63

Once the
cluster signals are formed, they are sent to an LRS 4564 OR logic
CAMAC module where the superclusters are formed and logic is performed to output
four signals.These four signals are

HI
,

LO,

e

HI

and

e

LO
. Since a partial array of
only 44

64


Figure 3.14: Analog leg of the data acquisition electronics. Signals from all the detectors
are split so that one part is digitized while the other part is used to create logic signals
used
by time to digital converters and scalers.



65

cluster07:
C00 C01 C02
C09 C10 C11
C19 C20
cluster13:
C05 C06 C14
C15 C16 C24
C25
cluster12:
C04 C12 C13
C14 C15 C22
C23 C24 C31
cluster08:
C19 C20 C21
C28 C29 C35
cluster17:
C03 C04 C05
C13 C14
cluster16:
C02 C03 C04
C11 C12 C13
C20 C21 C22
cluster15:
C21 C22 C23
C29 C30 C31
C32 C36 C37
cluster14:
C23 C24 C25
C26 C31 C32
C33 C37 C38

EMPTY

EMPTY
cluster22:
C06 C07 C08
C16 C17 C18
C25 C26 C27
cluster21:
C26 C27 C33
C34 C39
low
high
low
high
low
high
LRS 2365
LRS 4564
LRS 4518
LRS 4516
SIN I O 506
LRS 4448
LRS 4564
SCHI
SCLO
tr igger
These two modules
allow maski ng of
tr igger types coming
fr om the LRS 2365.
This modul e reads
out the bit patter n of
val id tr igger types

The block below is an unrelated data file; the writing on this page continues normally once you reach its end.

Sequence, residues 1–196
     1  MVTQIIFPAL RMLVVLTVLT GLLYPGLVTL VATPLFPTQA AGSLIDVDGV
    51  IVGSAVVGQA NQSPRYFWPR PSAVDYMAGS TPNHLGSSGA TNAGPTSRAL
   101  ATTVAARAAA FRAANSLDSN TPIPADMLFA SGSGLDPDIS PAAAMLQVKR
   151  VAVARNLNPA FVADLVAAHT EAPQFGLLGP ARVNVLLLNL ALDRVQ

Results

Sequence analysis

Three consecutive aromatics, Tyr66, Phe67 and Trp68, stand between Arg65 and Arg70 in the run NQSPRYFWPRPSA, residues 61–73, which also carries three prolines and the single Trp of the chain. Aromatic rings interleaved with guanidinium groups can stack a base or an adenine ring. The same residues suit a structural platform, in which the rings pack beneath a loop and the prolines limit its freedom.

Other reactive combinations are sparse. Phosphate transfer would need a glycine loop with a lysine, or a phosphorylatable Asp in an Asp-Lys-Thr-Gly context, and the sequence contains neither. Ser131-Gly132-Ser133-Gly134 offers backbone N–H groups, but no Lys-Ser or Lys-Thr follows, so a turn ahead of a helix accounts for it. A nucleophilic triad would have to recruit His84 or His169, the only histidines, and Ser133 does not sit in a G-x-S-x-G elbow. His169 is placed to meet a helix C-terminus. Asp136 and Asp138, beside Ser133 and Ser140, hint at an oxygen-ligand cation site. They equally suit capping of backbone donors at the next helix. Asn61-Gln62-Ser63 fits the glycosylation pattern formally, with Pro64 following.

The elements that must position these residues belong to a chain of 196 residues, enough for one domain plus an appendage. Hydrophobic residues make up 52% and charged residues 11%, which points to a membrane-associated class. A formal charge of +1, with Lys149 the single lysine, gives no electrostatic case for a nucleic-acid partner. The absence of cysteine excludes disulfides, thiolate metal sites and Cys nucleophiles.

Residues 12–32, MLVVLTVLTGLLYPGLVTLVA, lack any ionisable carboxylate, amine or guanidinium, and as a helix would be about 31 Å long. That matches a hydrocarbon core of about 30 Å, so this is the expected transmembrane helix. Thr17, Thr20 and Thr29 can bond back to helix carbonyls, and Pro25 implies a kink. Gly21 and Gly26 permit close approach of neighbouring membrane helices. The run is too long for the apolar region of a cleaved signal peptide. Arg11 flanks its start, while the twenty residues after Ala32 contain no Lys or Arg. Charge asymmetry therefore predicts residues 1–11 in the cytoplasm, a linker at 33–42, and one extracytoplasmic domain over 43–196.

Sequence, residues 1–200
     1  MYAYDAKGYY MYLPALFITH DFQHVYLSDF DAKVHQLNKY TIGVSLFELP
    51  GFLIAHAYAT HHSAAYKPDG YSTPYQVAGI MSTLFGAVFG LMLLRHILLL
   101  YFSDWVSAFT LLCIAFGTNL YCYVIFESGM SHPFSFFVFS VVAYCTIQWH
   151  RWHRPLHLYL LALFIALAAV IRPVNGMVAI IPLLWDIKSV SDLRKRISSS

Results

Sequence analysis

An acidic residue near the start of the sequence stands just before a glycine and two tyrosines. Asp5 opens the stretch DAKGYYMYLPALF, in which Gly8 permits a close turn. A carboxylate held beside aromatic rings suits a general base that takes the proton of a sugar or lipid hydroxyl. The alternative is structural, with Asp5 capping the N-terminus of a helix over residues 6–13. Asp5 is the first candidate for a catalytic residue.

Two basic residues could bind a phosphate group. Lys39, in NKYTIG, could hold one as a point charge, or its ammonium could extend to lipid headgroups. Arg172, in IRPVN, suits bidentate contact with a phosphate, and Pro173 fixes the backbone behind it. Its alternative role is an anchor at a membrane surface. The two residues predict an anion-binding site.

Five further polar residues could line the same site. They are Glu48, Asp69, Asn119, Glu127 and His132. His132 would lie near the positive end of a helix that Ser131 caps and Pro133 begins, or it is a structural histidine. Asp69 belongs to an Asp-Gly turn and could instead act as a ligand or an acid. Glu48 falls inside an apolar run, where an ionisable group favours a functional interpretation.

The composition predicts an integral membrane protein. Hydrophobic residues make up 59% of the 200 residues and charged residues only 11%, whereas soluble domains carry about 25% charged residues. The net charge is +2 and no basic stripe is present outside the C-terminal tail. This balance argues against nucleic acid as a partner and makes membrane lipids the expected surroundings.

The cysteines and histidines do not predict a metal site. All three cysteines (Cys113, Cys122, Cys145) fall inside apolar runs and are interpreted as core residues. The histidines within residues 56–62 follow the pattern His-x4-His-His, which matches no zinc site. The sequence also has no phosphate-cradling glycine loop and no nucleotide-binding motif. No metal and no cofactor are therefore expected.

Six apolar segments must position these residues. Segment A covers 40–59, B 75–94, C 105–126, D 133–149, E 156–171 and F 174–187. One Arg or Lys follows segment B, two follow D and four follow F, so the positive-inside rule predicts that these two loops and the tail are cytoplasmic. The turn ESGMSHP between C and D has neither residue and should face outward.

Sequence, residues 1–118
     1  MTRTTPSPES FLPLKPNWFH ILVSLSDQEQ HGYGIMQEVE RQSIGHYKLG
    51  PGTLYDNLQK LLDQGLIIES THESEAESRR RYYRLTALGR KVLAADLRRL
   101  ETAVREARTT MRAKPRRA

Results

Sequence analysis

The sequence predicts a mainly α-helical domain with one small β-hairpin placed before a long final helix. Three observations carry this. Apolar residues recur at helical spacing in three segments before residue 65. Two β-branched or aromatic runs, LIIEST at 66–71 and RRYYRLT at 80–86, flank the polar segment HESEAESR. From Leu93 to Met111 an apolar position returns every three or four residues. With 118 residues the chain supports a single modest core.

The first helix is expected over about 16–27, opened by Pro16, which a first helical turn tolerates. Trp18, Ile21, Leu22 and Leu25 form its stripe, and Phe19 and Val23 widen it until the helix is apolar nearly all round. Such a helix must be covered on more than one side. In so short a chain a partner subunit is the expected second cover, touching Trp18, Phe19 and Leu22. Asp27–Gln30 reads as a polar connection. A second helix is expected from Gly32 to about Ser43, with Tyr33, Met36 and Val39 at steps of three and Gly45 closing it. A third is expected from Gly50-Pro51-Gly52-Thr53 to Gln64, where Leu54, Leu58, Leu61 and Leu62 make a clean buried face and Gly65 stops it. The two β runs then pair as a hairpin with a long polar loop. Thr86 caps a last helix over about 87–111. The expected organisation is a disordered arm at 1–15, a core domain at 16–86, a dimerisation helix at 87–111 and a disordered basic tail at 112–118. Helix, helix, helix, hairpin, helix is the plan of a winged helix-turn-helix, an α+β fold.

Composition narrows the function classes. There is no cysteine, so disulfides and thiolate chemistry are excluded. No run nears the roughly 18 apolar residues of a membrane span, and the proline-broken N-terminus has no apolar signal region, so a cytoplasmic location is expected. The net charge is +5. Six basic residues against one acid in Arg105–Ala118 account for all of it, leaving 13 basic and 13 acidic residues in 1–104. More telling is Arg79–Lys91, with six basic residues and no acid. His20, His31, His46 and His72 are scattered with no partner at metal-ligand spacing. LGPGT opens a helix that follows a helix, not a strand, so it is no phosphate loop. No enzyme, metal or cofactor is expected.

for each event.
UVa 126 1 to 3 splitters
C00
C01
From
beamli ne
detectors
UVa 126 summer/di scr. modules
SIN DA 500
SIN DA 500
UT
LT
Upper and lower discrimint aor t hresholds
daisy chained t o all UVa 126 modules.


Figure 3.15: Trigger leg of the data acquisition electronics. One of the outputs from each
phototube is split into four signals. Clusters are formed from analog additions of these
signals while superclusters a
re formed from the logical ORing of cluster signals.


66

CsI crystals were used during the 1997 beam time, only one supercluster was available.
Two supercluster signals
SC0
HI

and SC0
LO

were used in place of

HI

and

LO

while
the

e

HI

and

e

LO

inputs were left unconnected.

The
SC0
HI

and SC0
LO

signals were sent through an LRS 4518 programmable
delay unit along with several signals generated by beam line detectors that are described
below. The LRS 4518 can
be used to adjust the timing of each of its inputs before the
signals are passed on to an LRS 2365 Octal Logic Matrix module. The LRS 2365 is a
programmable logic module